Drillers, Pa. DEP look at recycling drill cuttings | StateImpact Pennsylvania

Drillers, Pa. DEP look at recycling drill cuttings

The "cuttings" - rock and dirt from deep underground - are churned up by a drill to be loaded into a dumpster at a well site in Susquehanna County, Pa.

Scott Detrow / StateImpact Pennsylvania

The "cuttings" - rock and dirt from deep underground - are churned up by a drill to be loaded into a dumpster at a well site in Susquehanna County, Pa.


Many drillers are already recycling the wastewater that flows back to the surface after fracking a well.
Now, the Pittsburgh Post-Gazette reports the Pennsylvania Independent Oil and Gas Association (PIOGA) wants the state Department of Environmental Protection to allow companies to reuse drill cuttings – rocks and dirt that are pried loose when a well is drilled – for construction and remediation projects.
However, PIOGA’s members have mostly ignored a call from the trade group to submit samples for a study.
More from the Pittsburgh Post-Gazette:

Response to the 2011 solicitation has been, frankly, “pretty pitiful,” said Kevin Moody, vice president and general counsel with the association.
In 2012, 15 companies volunteered samples. In 2013, four did so.
So far this year, not one has participated.
“We’re paying for this,” Mr. Moody reminded members at the organization’s annual conference Tuesday at Heinz Field. “I’m making a plea.”
The organization would like to have at least 30 samples, equally split between horizontal shale wells, vertical shale wells, and conventional oil and gas wells.

Drill cuttings can contain naturally occurring radioactive materials (NORM) and have been known to trigger radioactivity alarms when disposed of at landfills. NORM can become technologically enhanced naturally occurring radioactive material (TENORM) when materials are mixed together, moved, or otherwise changed.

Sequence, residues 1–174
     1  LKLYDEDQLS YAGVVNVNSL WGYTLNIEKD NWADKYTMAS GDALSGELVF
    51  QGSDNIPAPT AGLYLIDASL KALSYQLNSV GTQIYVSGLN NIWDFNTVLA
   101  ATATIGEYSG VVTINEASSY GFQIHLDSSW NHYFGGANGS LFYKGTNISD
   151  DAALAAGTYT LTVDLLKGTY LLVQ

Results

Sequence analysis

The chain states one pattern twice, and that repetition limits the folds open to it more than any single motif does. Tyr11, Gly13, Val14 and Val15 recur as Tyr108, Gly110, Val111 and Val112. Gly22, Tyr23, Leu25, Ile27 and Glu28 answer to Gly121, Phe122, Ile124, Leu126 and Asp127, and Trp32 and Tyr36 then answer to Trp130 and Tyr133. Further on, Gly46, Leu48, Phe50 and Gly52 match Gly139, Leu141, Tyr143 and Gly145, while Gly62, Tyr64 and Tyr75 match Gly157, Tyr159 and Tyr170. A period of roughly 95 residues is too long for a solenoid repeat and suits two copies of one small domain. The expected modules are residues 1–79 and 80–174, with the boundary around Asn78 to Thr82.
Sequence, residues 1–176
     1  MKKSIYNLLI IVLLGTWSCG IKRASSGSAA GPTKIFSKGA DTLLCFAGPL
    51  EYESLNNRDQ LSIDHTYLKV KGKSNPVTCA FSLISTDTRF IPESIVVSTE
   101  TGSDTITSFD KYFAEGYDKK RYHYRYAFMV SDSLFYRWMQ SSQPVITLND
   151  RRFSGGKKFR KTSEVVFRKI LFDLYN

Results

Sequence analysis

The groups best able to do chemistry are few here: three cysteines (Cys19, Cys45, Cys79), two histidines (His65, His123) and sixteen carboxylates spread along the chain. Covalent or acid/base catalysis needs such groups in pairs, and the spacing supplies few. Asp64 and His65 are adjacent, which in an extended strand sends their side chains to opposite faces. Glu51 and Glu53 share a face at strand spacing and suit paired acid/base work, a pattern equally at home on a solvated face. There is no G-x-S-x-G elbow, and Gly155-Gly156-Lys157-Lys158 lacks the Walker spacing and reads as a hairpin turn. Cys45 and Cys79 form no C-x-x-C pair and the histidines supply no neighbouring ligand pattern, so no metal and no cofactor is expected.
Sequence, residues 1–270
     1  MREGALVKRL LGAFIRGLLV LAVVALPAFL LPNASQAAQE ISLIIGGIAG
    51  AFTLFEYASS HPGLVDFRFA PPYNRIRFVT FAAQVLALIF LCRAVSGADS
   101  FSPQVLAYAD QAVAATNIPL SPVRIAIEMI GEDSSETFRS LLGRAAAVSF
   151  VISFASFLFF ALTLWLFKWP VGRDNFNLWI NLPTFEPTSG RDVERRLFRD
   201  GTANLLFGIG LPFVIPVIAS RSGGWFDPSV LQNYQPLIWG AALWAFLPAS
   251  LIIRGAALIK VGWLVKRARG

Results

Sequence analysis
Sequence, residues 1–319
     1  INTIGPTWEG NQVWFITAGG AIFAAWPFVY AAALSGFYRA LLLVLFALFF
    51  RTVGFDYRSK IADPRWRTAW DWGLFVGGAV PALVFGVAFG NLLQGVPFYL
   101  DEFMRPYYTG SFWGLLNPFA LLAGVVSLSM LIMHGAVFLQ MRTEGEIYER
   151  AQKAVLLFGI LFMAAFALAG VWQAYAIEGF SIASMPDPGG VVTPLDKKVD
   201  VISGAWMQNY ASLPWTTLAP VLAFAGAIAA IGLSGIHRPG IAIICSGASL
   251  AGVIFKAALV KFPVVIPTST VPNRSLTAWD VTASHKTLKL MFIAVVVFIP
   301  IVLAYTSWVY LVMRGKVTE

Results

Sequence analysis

The Department of Environmental Protection is examining drill cuttings as part of its ongoing study on radiation associated with oil and gas development launched last spring.

In an e-mail, DEP spokesperson Morgan Wagner said the agency has issued a research and development permit to the Williamsport-based waste processing firm Clean Earth Inc. “to determine the viability of using processed drill cuttings from gas wells for construction purposes.” Cuttings that are free of TENORM are chemically analyzed and mixed with cement for use at remediation sites under the state’s Land Recycling Program.
The DEP is considering a similar permit application from Range Resources. The company wants permission to research using drill cuttings to build new well pads.
“Any decision regarding the regulation of drill cuttings will be based on the results of these research and development projects in conjunction with the results of the department’s TENORM study,” Wagner said.

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